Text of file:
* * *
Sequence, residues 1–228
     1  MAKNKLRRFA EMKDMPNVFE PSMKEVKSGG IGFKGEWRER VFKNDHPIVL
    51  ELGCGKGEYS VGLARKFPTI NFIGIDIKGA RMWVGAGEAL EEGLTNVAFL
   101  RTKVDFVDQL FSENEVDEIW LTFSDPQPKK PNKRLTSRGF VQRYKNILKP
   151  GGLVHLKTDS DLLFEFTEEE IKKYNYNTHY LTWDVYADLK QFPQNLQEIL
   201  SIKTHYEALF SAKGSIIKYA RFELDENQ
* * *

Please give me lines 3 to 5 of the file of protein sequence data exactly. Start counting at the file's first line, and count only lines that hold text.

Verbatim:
    51  ELGCGKGEYS VGLARKFPTI NFIGIDIKGA RMWVGAGEAL EEGLTNVAFL
   101  RTKVDFVDQL FSENEVDEIW LTFSDPQPKK PNKRLTSRGF VQRYKNILKP
   151  GGLVHLKTDS DLLFEFTEEE IKKYNYNTHY LTWDVYADLK QFPQNLQEIL